Carnegie Mellon University
October 05, 2017

Math Student Anne Silbaugh Awarded Mulach Scholarship

By Emily Payne

Jocelyn Duffy

Mathematical sciences sophomore Anne Silbaugh won the 2017 Mulach Scholarship that focuses on supporting women in STEM.

Managed through the Pittsburgh Foundation, the Joseph F. Mulach, Jr. and Louisa A. Mulach Scholarship Fund was created to provide scholarships to undergraduate and graduate students who are attending Pittsburgh institutions and studying biological sciences, chemistry, mathematics or physics.

Silbaugh grew up surrounded by math, which inspired her own interest in joining the field. Her father, a middle and high school math teacher, challenged the family to crack logic puzzles over dinner and discussed topics such as the Fibonacci sequence at family gatherings. 

During one such family discussion, “I remember my uncle looking at me and saying, ‘Anne, math has the secret to the universe,’” Silbaugh wrote in her application. “I don’t know that I necessarily believe that math has the only secret to the universe, but I love the idea that the universe (and humanity, and life and everything mysterious ever) is this big unanswered thing that we can unlock through math.”

These early influences led Silbaugh to choose a university with a strong math program where she would be surrounded by people who share her fascination for math, beyond calculations and equations, as a way of thinking critically and logically to solve real-world problems. 

As a mentor for Carnegie Mellon University’s chapter of Strong Women, Strong Girls, Silbaugh says it solidified her desire to pursue math as a career.

"It should be possible for students from all backgrounds to discover the simple beauty of discrete math, logic or any other advanced area of technical study."

The program pairs female college students with girls from Pittsburgh elementary and middle schools in after-school mentorship programs. With many of her mentees, Silbaugh found that math meant memorizing equations and facts; and the likelihood of the girls continuing in math throughout their education was slim. Silbaugh hopes to change this perception of the way math is studied and taught through her own career path as an educator.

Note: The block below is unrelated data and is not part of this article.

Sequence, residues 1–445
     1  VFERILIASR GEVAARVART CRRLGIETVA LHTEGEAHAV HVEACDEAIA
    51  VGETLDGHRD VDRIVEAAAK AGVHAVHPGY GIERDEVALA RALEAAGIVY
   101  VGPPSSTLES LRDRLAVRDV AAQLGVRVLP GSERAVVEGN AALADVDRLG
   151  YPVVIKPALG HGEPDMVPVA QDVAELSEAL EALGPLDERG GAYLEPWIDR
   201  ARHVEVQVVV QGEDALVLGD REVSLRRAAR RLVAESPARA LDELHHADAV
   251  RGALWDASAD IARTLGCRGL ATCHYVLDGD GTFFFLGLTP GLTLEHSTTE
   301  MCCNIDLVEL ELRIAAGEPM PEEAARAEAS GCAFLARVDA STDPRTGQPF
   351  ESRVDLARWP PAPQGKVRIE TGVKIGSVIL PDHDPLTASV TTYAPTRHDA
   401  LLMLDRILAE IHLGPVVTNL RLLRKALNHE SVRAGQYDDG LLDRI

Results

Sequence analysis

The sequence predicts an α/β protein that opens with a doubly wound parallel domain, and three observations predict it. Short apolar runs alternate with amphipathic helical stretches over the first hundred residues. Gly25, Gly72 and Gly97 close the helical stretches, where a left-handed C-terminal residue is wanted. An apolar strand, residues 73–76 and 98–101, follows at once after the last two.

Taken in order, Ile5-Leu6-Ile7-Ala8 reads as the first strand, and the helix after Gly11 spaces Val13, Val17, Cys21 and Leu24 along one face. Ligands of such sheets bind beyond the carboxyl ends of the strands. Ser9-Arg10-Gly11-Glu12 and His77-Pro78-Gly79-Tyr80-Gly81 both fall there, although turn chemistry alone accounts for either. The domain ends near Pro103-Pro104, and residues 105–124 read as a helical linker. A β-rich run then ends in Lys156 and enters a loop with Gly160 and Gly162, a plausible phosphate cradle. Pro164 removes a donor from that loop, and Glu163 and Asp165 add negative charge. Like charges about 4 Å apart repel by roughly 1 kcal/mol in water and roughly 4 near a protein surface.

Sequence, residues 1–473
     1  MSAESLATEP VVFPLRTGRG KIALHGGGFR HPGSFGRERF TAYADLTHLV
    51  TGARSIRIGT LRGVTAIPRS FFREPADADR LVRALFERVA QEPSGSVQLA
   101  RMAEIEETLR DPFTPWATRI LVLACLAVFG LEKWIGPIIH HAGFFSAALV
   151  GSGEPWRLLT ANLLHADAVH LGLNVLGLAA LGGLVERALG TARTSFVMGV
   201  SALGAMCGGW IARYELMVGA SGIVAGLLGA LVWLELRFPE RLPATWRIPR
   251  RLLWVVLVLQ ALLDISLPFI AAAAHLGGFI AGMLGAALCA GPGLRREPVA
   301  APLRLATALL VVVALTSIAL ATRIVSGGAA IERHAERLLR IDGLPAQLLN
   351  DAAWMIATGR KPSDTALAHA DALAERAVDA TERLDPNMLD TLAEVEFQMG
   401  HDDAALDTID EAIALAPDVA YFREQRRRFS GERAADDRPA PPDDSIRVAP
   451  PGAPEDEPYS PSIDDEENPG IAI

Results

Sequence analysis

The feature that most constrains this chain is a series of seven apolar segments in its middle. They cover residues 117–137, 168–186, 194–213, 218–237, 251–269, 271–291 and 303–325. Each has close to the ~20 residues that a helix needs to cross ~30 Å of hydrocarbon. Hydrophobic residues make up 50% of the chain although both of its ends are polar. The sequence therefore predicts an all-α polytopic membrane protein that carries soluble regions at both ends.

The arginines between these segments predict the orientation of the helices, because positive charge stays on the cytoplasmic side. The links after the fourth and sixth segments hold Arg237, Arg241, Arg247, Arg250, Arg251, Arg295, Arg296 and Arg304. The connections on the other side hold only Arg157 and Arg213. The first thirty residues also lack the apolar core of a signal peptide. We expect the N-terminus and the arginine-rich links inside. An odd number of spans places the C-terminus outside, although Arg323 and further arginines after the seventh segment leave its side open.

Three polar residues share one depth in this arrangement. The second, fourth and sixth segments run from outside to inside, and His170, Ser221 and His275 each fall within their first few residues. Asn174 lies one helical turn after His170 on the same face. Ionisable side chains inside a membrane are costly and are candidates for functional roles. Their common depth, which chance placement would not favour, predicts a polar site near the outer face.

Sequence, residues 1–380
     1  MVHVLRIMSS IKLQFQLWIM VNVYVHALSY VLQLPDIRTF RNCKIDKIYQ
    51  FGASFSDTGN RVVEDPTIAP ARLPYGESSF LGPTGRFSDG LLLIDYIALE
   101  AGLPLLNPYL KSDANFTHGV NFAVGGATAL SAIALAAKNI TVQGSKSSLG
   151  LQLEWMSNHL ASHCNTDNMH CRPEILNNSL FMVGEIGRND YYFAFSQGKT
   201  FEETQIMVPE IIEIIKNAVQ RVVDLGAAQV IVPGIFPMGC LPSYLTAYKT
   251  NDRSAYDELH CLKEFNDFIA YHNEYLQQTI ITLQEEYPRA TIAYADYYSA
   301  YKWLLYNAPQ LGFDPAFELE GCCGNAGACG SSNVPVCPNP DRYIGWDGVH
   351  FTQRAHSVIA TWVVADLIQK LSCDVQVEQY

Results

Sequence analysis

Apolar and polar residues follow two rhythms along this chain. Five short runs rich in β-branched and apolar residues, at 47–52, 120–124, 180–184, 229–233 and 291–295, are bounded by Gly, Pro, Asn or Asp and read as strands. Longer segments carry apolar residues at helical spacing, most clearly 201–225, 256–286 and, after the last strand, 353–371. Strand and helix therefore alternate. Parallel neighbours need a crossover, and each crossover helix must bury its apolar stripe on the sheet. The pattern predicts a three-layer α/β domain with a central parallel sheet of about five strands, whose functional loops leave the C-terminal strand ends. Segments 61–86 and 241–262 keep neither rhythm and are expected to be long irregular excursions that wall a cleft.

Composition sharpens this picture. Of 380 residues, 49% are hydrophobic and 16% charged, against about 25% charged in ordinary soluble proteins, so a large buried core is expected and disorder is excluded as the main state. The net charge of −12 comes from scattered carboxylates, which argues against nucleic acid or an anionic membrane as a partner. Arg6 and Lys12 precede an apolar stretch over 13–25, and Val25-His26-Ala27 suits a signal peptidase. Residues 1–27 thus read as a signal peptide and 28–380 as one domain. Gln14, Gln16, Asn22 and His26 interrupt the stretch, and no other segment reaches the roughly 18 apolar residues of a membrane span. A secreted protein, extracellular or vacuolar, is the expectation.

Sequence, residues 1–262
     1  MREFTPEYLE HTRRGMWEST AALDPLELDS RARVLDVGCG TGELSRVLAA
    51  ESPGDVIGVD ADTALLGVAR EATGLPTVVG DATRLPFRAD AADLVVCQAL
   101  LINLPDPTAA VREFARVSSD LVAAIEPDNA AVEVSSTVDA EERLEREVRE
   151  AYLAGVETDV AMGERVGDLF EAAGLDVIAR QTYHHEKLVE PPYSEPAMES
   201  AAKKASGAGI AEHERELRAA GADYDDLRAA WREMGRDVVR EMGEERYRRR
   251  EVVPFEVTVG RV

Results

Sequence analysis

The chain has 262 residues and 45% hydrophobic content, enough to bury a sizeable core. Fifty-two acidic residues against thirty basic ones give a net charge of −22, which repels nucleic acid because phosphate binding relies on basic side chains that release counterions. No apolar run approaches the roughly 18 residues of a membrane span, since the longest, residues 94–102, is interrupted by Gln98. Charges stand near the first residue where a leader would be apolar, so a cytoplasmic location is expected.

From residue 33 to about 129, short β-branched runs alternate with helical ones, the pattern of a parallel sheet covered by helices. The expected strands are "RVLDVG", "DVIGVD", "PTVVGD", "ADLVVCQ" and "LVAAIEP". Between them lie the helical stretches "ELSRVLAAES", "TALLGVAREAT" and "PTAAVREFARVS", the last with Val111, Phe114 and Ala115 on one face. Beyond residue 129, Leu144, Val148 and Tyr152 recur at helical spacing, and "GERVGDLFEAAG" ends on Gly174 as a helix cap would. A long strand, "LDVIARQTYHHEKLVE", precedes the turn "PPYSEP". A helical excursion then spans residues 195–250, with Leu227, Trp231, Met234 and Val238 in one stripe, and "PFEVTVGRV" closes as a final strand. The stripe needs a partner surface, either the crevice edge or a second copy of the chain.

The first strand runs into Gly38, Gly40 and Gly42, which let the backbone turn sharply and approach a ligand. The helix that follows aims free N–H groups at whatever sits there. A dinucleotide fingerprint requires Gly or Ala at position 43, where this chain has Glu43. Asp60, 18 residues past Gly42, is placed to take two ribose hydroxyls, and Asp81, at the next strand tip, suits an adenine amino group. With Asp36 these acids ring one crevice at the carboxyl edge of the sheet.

“Math (and higher education in general) should not be something that is only available for those of us lucky enough to have had exposure to the fun, interesting parts. It should be possible for students from all backgrounds to discover the simple beauty of discrete math, logic or any other advanced area of technical study,” said Silbaugh.

“It can be tough for first-year students to compete for scholarships that are open to undergraduate and graduate students,” said Richelle Bernazzoli, assistant director of undergraduate research and national fellowships, who helped guide Silbaugh through the application process. “However, I knew from my first meeting with Anne that she brings that special combination of academic talent and strength of purpose. Her desire to pursue a career that empowers students from all backgrounds to excel in math is an incredibly worthy goal, and one that aligns perfectly with the values of the Mulach Scholarship.”